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Julia Peterkin

ulia Mood was born in Laurens County on Halloween, 1880. Her mother died when she was two years old. Julia, as a teenager, attended Converse College, graduated at 14,  and received a Masters degree at an early age.

Julia moved to Fort Motte in Calhoun County to become a teacher. In 1903, she married William George “Willy” Peterkin, who was a rich cotton planter.

She wrote about everyday life and people, often the Gullah culture. She won the Pulitzer Prize for Literature for Scarlet Sister Mary.

One of the quotes from this book is “Everything has its way of speaking and telling things worth knowing. Even the little grass-blades have their way of saying things as plain as words when human lips let them fall…the choice bits of wisdom…were never written down in any books.”

This afternoon, at 4:00 on SCETV, there will be a special on the life of this South Carolina author, and I am going to watch it once again. It won’t be long before her alma mater and mine will be handing out the Julia Peterkin Award for Poetry in her honor.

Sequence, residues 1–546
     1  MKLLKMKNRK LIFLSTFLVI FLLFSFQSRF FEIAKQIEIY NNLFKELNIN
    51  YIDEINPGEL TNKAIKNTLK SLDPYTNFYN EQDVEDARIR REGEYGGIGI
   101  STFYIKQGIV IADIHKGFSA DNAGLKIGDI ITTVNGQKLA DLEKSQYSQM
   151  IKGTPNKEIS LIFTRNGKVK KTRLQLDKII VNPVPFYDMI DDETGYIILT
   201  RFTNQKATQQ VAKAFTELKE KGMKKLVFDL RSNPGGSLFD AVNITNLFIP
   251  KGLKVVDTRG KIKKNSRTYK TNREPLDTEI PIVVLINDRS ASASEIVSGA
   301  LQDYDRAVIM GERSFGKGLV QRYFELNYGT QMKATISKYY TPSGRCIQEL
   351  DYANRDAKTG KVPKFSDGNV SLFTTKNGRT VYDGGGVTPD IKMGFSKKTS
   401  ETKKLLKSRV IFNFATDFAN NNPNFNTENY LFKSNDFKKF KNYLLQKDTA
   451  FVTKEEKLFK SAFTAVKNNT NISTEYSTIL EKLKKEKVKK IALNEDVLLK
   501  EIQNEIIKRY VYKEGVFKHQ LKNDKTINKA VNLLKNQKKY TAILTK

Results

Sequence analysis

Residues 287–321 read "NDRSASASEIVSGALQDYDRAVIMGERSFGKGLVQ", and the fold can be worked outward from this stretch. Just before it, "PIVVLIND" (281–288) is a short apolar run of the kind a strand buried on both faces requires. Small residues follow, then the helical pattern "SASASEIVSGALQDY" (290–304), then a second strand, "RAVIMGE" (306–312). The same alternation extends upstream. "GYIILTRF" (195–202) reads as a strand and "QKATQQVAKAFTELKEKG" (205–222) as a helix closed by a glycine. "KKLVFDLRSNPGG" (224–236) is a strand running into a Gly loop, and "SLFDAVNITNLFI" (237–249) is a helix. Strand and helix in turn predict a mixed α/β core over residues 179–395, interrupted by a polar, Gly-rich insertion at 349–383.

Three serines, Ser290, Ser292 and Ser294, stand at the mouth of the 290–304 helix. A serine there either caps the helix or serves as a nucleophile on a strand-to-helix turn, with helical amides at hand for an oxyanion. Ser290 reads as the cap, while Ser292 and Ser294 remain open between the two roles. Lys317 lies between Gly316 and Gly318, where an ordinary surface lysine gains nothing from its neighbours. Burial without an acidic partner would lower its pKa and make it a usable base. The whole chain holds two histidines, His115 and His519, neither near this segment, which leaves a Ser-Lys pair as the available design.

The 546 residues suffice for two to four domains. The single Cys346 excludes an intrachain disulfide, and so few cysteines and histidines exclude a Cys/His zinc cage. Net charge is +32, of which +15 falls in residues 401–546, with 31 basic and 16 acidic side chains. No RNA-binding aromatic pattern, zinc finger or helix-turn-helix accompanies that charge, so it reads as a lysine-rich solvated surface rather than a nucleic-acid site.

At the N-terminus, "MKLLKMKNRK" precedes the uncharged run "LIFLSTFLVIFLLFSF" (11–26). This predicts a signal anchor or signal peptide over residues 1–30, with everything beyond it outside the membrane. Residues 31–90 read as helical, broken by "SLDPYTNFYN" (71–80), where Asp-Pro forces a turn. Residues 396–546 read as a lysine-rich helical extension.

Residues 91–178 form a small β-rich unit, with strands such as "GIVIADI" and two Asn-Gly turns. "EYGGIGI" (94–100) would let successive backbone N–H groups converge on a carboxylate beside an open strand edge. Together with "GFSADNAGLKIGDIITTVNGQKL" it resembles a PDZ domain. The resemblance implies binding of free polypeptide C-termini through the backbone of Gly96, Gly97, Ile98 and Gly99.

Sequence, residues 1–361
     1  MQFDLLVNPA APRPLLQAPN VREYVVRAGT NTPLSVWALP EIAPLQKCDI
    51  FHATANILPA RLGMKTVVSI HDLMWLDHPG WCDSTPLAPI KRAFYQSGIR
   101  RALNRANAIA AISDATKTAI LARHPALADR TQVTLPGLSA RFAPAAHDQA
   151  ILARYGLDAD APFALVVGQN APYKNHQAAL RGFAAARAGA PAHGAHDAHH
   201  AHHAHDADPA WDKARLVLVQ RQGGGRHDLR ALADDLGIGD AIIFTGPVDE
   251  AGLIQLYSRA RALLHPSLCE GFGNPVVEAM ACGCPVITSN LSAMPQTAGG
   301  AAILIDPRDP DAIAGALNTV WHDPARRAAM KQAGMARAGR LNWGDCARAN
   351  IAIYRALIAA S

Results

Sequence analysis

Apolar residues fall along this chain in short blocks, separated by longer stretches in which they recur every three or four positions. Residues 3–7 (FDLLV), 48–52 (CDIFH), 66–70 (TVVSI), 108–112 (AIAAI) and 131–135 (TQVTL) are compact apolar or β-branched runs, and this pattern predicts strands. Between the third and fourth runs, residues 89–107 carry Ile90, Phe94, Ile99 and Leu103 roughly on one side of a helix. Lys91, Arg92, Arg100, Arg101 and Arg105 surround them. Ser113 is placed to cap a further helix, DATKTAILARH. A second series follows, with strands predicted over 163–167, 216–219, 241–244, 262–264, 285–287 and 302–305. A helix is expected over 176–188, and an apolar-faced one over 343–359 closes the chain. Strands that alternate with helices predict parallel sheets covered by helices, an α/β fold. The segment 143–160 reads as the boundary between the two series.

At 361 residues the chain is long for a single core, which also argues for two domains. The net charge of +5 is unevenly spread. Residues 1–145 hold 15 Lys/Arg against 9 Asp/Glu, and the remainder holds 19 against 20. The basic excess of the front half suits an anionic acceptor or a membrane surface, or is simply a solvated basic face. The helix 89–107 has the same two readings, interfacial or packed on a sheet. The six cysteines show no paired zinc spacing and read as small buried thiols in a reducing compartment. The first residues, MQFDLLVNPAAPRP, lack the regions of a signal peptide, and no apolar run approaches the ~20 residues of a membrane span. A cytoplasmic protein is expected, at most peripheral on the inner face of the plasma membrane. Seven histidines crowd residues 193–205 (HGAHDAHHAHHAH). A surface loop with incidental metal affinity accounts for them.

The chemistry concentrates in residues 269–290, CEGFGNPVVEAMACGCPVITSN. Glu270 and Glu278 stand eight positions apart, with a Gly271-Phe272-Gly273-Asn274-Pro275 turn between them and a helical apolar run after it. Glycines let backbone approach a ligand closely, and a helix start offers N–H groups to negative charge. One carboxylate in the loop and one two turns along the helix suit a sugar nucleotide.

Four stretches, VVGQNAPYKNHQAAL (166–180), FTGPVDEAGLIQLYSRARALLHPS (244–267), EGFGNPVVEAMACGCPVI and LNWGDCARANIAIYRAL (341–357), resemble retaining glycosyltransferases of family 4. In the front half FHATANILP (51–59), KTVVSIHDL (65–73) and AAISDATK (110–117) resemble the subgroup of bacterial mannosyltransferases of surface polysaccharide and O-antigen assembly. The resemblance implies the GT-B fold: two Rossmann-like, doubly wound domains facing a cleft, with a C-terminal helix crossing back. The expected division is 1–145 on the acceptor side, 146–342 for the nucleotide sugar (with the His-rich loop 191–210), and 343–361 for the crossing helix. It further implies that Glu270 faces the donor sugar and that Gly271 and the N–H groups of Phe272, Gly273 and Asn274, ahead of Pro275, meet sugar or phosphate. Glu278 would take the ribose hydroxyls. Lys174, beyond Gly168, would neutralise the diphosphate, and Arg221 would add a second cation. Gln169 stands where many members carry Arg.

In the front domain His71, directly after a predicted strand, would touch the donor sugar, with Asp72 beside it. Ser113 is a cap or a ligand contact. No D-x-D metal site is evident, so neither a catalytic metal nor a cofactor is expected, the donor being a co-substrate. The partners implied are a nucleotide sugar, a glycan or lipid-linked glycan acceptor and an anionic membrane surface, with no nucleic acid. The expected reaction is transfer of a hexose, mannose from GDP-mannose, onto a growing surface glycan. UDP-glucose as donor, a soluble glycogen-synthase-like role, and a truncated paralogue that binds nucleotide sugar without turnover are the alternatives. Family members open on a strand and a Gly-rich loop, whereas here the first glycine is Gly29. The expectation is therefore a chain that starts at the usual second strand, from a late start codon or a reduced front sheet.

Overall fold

Listen to her descriptive words again, “…the spring that bubbled…Weak. Small. Yet too strong for anybody to hold it back.  It was like life itself.”   (“Green Thursday” (Gullah stories), 1924)

If we continue to stretch and grow and bubble with life, though a tad small like a spring, we might change our course and eventually create a new way of moving.

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